This past week I had the opportunity to travel to Winnipeg, Manitoba for a few days for a girlfriend getaway with a dear friend. Why Winnipeg? Well, Linda lives in Alberta and I’m in Ontario, so we chose a meeting place more or less in the middle. This was my first time in Winnipeg, and I would definitely go back. It’s a city rich in history, with beautiful attractions and some of the best food I’ve had. I thought I would share some of the experience with you, both destinations and food, along with a few photos.
Portage and Main, Winnipeg
We stayed at the Radisson Hotel downtown on Portage Avenue, not far from Portage and Main, reputed to be the windiest and coldest intersection in Canada. Well, it might not have been February when we visited, but considering that we first walked through this intersection on June 1 when the high was only 12 degrees C and it was raining, we can believe its reputation! Fortunately, for us, later in our stay it was beautifully sunny and warm, but not warm enough to unleash the monster mosquitos we’d been warned about. All in all, I’d say the early June timing of our trip was just right!
We arrived Tuesday afternoon and, after unpacking, decided to brave the cool and misty weather and wander down to The Forks area, where the Red and Assiniboine Rivers meet. The Forks has been a meeting place for six millennia, starting with Native peoples and later including colonists, traders and immigrants. The area is now a National Historic Site of Canada and still very much a gathering place with walking trails, outlooks over the water, a park and many outdoor activities, plus shopping at the Forks Market and Johnston Terminal. It’s also a rich cultural area, home to the Manitoba Children’s Museum and the Canadian Museum for Human Rights.
The dinner hour crept up on us while we were at Johnston Terminal, and so did a cloudburst, so we took refuge in the Beachcomber Restaurant. I have to admit that my expectations weren’t high, as I’ve often been disappointed by restaurants in tourist destinations. Happily, my concerns were completely unfounded, and we greatly enjoyed our meal. We each started with a side salad. Mine was the California Dreaming, an excellent melange of mixed greens, goat cheese, pineapple, strawberries and candied pecans with a raspberry poppyseed dressing that somehow added a savoury touch. For the main course, Linda and I both enjoyed the Wild Manitoba Pickerel, deliciously prepared, along with creamy, flavourful mashed potatoes and vegetables.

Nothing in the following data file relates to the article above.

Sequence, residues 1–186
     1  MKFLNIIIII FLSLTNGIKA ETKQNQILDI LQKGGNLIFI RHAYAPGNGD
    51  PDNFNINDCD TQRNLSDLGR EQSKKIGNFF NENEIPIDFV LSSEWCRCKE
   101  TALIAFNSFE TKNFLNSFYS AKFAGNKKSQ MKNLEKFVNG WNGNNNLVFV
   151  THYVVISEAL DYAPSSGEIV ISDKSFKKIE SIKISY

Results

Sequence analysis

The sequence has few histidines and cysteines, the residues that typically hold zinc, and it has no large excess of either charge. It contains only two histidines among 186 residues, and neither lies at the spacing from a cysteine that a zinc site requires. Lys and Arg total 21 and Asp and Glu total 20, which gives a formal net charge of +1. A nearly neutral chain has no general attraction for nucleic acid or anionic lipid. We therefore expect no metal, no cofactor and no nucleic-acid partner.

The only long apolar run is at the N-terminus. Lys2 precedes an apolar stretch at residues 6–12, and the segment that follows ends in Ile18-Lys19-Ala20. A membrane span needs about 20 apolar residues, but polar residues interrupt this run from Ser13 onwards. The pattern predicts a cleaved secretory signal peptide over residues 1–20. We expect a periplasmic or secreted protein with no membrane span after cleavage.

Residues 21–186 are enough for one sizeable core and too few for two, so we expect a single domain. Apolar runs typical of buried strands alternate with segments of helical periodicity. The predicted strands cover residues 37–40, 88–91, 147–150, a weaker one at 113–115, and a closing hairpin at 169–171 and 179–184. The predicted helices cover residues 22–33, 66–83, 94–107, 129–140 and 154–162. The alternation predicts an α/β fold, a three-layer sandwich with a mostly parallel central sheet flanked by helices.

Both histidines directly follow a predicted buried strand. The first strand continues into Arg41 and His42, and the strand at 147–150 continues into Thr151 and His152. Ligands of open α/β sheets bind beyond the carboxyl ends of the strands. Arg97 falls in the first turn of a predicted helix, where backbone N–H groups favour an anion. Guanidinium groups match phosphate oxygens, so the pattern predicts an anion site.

The Canadian Museum for Human Rights
We didn’t mind that it was still cool and wet on Wednesday, because our plan was to spend most of the day at the Canadian Museum for Human Rights, the first museum solely dedicated to the evolution, celebration and future of human rights. My time there ranks as one of my best museum experiences ever.
First, there is the sheer magnificence of the architecture, both outside and in. One progresses through the exhibits from the bottom of the museum to the top, six storeys in total, moving along polished concrete ramps that are lined in alabaster from Spain, illuminated from within. It’s a progression from darkness to light. At the very top of the museum is the Tower of Hope, a viewing area offering a panoramic view of the city, which you can see in the photo at the top of this post.
More important than the architecture, though, are the exhibits and celebration of human rights. While the museum explores human rights globally, as a Canadian, I felt proud that not just our country’s triumphs are on display, but the dark blots on our human rights record are there as well for discussion and learning. Everything was interesting, but I found the exhibits exploring humanity’s experience of genocide particularly moving, even overwhelming. One exhibit that stood out for me as a celebration of human rights is the same-sex marriage display of wedding photos — so many happy faces!
We spent about four hours touring the museum (and really, an extra hour would have allowed us to do the final exhibits justice, but by that point “museum fatigue” was setting in). It was a pleasure to spend some time in the light and airy ERA Bistro on the main floor. The Bistro’s emphasis is on locally sourced, Certified Fair Trade and sustainable food. We were looking for a light bite, so we shared a bowl of pea and lentil stew. It was delicious, nourishing and comforting, although the spicing could have been more forward for both of us. Along with that, I enjoyed a glass of one of the best Sauvignon Blancs I’ve ever had — I wish I could remember what it was! I seldom take photos when eating out, so don’t have any to share from this experience.